Monday, December 10, 2007
President Dmitry Medvedev
So now we know. It will be Dmitry Medvedev, not Sergei Ivanov (and not Vladimir Putin) who succeeds Vladimir Putin. Putin, it's just been announced, "fully supports" Medvedev's candidacy to replace him when he leaves office after his second term expires in the spring.
So all hail President Dmitry. There is, of course, the small matter of elections to be sorted out, but you can be sure that the Kremlin - unless this decision creates a major rift behind the red walls - will make sure Putin's man is elected. The liberal opposition is self-destructing anyway, choosing not one, but three candidates to run for the presidency in April.
So what can be deduced from this, in these first minutes after Putin's announcement? To me, it says that Putin, instead of choosing someone else from inside the siloviki, the cadre of security service veterans who run the country, has chosen someone personally loyal to him. Medvedev is not a chekist (ex-KGB agent) like Putin and Ivanov, he's a Putinist.
Medvedev has been at Putin's side since the early 1990s, when Putin was chief of staff to St. Petersburg mayor Anatoliy Sobchak and Medvedev was a foreign affairs advisor.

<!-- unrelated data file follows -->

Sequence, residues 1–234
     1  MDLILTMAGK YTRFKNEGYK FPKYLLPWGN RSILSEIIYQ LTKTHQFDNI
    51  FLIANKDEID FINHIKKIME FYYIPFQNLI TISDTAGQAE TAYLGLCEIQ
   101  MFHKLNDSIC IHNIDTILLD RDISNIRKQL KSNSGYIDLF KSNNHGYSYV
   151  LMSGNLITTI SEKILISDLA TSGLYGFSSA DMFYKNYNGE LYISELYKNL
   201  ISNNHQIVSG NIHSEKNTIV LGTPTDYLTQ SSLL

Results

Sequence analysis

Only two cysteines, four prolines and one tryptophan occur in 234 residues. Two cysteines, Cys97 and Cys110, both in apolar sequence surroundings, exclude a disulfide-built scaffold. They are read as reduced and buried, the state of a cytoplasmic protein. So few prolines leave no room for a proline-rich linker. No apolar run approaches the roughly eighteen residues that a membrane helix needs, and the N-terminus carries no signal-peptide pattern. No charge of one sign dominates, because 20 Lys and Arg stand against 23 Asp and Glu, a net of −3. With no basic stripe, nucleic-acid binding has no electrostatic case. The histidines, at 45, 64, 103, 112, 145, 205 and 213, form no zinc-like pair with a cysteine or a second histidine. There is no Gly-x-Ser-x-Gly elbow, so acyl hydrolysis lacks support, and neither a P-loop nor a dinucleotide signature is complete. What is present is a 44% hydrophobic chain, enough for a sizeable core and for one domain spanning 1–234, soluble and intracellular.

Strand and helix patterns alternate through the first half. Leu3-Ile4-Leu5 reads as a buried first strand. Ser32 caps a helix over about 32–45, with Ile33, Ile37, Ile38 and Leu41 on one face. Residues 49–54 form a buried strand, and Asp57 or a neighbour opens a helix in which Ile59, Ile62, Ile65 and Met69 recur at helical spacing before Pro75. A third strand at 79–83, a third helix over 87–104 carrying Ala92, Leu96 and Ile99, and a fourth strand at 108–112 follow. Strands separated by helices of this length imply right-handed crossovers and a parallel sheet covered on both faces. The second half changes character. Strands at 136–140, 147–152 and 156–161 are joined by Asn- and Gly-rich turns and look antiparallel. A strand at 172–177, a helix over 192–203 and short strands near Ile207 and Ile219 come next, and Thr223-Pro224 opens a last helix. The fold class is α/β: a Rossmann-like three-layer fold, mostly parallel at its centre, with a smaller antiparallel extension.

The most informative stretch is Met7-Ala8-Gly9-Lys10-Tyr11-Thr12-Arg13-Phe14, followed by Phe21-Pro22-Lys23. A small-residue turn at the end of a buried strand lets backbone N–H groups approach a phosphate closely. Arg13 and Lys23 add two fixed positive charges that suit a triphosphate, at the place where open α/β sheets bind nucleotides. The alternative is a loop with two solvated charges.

As Putin rose to power, Medvedev followed. First he was chief of staff to Putin after he was appointed prime minister in 1999 by Boris Yeltsin. Then he ran Putin's 2000 presidential election campaign and afterwards became deputy chief of staff to President Vladimir. Next he was installed as chairman of the board at Gazprom, the giant gas company that Putin has turned into the Kremlin's most effective foreign policy tool.
When Alexander Voloshin quit as Putin's chief of staff over the sordid Mikhail Khodorkovsky affair in 2003, Medvedev was brought in to replace him and get the Kremlin back on course. Two years ago, in the first hint that this moment might eventually come, he was made First Deputy Prime Minister (along with Ivanov).
What does all this mean? Two things.
The first is relations between Russia and the West may yet recover some. The 42-year-old Medvedev is seen as more liberal and pro-Western than the hardline Ivanov. Ivanov was the tough guy you always saw in military fatigues noddling gravely at the testing of new Russian military hardware. Medvedev was the mild-mannered man in the suit that you rarely saw at all until he was made deputy PM in an effort to build up his public persona (although he was theoretically also the guy who made the decision to turn off Gazprom's taps to Ukraine and Belarus when those countries bucked the Kremlin's will...).
The second is that real power will remain in the hands of our old friend, Vladimir Vladimirovich. Putin's choice was between a man unquestionably loyal to him (Medvedev) and a man unquestionably loyal to the system (Ivanov). He chose the former.
Medvedev owes Putin everything. If Putin asks him to do something - to make him prime minister, or even to relinquish the presidency because Vladimir Vladimirovich misses the comforts of the Kremlin - he'll do it.